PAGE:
But “hard to borrow” stocks can have a margin interest rate of 20% or more. That’s why profit is a “maybe.” A successful short sale has to be timed well, and the stock’s drop has to be large enough to cover what we paid in margin interest.

But it gets worse…

The “Impossible” Short

When we short shares of a stock that pays a dividend, we have to pay the dividend to the person who bought the shares that we sold. It comes right out of our brokerage account automatically.

Plus, the lender of our shares can call those shares back at any time. This is where retail investors can really take a hit. We don’t have the kind of leverage that a fund does to preserve our position.

For example, let’s say that we sold $20,000 worth of shares in a terrible company that was being hyped up, but that we believed was a fraud. The stock then runs up 40% leading into the company’s earnings announcement.

We’re not worried because we are certain the results will be terrible, and the stock will collapse. But the day before the earnings announcement, the broker that lent us the stock calls the shares back and we take a 40% loss ($8,000)… plus whatever margin interest we paid and any commissions. The next day, the stock collapses.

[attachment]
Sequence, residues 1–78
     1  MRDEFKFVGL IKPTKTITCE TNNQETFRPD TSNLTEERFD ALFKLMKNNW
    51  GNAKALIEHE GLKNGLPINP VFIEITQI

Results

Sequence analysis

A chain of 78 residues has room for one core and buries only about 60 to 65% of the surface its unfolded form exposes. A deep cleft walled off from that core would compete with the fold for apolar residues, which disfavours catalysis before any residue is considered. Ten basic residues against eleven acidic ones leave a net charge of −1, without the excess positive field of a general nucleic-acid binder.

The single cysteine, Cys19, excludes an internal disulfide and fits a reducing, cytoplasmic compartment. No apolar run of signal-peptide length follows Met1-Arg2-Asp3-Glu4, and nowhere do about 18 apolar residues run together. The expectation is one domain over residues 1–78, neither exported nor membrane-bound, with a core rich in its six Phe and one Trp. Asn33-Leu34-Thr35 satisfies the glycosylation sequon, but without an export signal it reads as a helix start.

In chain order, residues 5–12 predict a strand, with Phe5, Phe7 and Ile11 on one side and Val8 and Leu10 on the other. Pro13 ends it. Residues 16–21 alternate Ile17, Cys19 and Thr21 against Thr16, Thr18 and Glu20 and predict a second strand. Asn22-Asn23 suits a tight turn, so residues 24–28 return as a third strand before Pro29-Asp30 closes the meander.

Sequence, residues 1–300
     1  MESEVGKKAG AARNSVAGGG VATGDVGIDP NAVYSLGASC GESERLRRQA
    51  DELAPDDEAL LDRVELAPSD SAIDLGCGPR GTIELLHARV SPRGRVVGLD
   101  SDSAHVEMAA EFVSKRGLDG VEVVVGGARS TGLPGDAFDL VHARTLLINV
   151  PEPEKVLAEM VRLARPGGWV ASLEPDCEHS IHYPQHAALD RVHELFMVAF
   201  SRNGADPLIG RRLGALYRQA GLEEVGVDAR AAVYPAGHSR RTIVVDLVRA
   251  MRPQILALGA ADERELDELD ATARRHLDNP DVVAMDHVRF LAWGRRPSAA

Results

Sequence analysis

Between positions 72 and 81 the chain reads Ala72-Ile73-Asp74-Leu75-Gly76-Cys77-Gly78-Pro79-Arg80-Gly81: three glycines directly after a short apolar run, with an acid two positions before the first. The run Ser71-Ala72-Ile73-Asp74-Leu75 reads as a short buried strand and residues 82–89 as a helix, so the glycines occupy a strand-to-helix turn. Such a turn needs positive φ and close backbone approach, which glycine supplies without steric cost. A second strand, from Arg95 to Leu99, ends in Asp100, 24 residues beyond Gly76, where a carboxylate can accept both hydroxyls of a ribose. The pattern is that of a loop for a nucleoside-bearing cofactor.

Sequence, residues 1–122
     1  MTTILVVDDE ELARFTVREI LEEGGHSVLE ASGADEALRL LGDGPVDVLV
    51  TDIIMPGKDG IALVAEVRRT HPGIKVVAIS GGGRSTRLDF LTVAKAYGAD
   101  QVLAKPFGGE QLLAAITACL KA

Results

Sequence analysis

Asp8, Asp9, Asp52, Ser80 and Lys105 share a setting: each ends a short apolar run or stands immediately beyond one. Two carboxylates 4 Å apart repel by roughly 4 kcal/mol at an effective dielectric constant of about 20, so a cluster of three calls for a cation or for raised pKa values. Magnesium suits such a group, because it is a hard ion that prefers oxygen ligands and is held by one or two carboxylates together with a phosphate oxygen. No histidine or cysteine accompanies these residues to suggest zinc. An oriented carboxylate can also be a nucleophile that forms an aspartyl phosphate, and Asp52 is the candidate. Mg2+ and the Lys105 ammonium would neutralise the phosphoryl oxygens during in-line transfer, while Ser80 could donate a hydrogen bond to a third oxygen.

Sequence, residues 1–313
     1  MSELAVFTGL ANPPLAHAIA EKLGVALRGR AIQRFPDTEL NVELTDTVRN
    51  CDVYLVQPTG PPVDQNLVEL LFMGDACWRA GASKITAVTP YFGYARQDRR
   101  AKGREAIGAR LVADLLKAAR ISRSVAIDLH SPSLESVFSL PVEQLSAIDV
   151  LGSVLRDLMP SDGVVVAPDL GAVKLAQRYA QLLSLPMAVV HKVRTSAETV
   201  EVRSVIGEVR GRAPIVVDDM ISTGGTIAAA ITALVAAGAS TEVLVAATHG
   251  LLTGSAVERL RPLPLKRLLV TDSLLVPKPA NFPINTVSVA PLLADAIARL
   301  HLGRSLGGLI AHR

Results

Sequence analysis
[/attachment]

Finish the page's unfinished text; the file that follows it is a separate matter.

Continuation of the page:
Not only are we in the hole $8,000, but we also missed out on a big profit. It isn’t right or fair, but it’s perfectly legal. It’s even happened to me.

The size of our potential losses is technically unlimited. When a stock falls, it can only fall to zero. But when a stock price goes up, the sky is the limit.

Short sellers of Tesla learned this painful lesson over the last couple of years. Tesla’s stock has soared more than 20x. Can you imagine losing multiples of the amount that you received selling shares short? That has to hurt.

This is why my general advice to investors is to avoid short selling entirely. There are simply too many dynamics that favor Wall Street.

There are, however, bearish ETFs and funds that we can buy if we think the market is going to drop. This greatly limits our downside even if our timing is wrong.

Options are another alternative. We can buy puts on stocks that we think are destined to fall. The most we can lose on a put is the cost of the option, which controls our downside.

All this leads me back to the excitement of GameStop and how Wall Street sold short the stock.

Unlike what I outlined above – legal short selling – this was “naked” short selling. The brokers lent out shares of stock that didn’t exist. It should be impossible, but it happens all the time. And it typically results in large price distortions that favor Wall Street and hedge funds.